Purpose: The purpose of this study was to determine how the degree of depressive symptomatology among adolescent mothers differentiated maternal outcomes, social support, and coping at 6 months postpartum. Methods: Fifty primiparous adolescents, predominantly black and of low income, participated in the study. During a home visit at 6 months postpartum, a research assistant, blind to the study's hypotheses, administered questionnaires related to depressive symptoms, coping with motherhood, social support, maternal confidence, and maternal gratification. Feeding and teaching interactions between mother and child were observed. Results: Fifty-six percent of the subjects had no depressive symptoms (group 1), 20% reported mild symptoms (group 2), and 24% reported moderate to severe symptoms (group 3). Adolescents with mild or moderate depressive symptoms had more negative feeding interactions with their infants, reported less maternal confidence and gratification, and used more emotion-focused coping than their nondepressed counterparts. While the groups did not differ in the frequency with which they received social support, adolescents with mild or moderate depressive symptoms were less satisfied with this support. No differences were found among groups with regard to the size of their conflicted networks. Conclusions: This study extends the research findings related to depressive symptoms among adult mothers to a sample of adolescent mothers. Although the study design is crosssectional and therefore causal sequences cannot be determined, the results identify factors that may place certain adolescents at risk for problems in parenting. The authors suggest screening adolescent mothers during the first postpartum year for symptoms of depression.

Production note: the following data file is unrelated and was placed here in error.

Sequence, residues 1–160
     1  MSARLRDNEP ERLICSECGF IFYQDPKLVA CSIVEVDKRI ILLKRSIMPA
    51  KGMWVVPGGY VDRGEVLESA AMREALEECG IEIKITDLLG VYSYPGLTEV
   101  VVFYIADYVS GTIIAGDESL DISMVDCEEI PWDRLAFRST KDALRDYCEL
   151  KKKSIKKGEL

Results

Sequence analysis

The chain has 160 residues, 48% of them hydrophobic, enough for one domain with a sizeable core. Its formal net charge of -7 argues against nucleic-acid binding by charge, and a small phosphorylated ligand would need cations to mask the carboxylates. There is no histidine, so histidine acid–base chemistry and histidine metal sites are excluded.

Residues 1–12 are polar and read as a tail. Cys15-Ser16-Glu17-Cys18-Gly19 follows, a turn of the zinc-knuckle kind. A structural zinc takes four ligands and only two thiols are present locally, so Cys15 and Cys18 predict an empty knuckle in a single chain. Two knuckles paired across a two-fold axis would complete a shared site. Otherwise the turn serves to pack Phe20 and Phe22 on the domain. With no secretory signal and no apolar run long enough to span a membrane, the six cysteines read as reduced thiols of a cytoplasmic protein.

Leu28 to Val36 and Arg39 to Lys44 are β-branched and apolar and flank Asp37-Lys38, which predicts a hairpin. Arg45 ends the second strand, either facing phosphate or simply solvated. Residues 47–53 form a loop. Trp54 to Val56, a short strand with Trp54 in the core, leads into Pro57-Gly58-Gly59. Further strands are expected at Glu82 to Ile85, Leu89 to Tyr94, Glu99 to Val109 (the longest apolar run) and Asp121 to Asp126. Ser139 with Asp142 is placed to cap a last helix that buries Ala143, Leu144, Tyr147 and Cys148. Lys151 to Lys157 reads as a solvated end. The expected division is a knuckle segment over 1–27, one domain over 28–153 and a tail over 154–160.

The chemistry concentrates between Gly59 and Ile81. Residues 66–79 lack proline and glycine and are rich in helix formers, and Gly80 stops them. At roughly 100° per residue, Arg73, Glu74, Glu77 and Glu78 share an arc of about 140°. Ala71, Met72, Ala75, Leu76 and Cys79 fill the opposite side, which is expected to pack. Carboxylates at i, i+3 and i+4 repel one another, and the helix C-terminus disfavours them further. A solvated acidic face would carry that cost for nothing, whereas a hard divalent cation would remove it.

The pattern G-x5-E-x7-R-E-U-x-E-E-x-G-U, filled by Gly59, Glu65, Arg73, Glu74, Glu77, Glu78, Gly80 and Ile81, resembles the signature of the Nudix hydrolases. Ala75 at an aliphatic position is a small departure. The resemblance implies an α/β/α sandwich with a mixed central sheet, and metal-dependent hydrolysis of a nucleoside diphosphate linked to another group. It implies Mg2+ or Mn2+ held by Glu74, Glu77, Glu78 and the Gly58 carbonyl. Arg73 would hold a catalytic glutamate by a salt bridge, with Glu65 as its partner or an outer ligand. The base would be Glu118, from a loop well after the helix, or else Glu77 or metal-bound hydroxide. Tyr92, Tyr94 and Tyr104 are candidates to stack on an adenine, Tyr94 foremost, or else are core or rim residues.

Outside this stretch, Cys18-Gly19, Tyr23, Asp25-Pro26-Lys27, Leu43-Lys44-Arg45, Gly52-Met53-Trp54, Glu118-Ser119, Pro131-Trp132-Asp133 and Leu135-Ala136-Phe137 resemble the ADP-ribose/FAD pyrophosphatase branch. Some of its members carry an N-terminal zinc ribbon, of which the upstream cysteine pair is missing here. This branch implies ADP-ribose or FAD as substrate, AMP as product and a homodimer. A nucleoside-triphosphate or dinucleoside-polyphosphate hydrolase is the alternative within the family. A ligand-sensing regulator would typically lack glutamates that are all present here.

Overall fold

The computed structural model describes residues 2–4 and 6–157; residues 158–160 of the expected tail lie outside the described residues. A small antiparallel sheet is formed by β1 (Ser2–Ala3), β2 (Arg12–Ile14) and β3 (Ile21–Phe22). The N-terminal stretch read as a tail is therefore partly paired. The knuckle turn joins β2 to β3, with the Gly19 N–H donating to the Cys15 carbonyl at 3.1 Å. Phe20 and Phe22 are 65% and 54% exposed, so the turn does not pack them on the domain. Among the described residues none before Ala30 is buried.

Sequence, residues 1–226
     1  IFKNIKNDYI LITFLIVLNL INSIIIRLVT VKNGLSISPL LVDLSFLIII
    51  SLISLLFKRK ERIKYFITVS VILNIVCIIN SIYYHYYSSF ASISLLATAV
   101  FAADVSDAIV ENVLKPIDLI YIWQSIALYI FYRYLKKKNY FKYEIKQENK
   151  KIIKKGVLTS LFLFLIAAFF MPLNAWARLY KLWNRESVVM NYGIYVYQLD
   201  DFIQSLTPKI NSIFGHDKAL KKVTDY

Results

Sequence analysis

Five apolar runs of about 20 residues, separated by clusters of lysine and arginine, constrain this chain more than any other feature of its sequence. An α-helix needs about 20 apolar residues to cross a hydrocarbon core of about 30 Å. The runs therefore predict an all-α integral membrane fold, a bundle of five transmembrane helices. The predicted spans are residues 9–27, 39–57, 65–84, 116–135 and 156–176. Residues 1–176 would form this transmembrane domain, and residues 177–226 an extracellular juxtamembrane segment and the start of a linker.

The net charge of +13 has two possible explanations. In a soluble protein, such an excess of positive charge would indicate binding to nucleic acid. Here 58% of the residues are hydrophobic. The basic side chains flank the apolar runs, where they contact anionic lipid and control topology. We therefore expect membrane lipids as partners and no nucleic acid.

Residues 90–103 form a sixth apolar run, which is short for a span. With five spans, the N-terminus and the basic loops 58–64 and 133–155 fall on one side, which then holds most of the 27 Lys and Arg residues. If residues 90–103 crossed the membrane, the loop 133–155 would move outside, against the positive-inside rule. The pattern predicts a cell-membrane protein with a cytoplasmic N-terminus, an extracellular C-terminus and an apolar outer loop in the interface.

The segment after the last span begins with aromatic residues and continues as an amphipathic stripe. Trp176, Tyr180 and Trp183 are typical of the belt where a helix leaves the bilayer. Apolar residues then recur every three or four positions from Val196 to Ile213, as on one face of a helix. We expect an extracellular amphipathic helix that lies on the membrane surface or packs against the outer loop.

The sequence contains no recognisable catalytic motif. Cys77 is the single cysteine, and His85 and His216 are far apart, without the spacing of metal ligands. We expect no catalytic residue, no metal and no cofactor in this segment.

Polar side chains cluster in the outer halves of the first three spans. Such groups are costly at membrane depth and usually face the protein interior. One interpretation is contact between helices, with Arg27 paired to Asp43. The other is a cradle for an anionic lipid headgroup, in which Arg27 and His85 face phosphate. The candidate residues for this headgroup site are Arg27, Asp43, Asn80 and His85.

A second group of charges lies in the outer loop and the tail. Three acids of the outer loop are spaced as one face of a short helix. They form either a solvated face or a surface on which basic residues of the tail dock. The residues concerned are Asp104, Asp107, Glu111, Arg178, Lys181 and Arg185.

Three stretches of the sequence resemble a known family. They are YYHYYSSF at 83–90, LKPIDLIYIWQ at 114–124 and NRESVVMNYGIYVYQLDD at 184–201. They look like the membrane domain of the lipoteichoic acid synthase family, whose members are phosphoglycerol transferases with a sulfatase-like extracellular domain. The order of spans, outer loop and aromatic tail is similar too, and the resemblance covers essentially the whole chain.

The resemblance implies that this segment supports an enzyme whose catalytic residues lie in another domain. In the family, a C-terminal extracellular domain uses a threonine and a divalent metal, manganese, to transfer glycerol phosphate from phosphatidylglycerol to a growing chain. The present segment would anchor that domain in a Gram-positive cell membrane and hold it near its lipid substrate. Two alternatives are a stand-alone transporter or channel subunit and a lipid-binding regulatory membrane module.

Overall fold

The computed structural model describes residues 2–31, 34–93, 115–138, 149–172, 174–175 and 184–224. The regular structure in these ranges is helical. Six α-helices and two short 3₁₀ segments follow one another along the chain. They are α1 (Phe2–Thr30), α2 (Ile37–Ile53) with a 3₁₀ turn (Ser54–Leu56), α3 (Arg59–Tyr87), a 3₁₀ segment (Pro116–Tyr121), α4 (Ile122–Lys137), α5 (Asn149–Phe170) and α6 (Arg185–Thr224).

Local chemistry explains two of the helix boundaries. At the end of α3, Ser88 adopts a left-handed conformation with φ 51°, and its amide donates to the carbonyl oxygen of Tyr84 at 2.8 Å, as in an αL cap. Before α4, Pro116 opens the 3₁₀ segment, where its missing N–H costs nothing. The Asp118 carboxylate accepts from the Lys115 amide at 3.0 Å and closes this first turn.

- Adolescent mothers
- Social support
ASJC Scopus subject areas
- Pediatrics, Perinatology, and Child Health
- Public Health, Environmental and Occupational Health
- Psychiatry and Mental health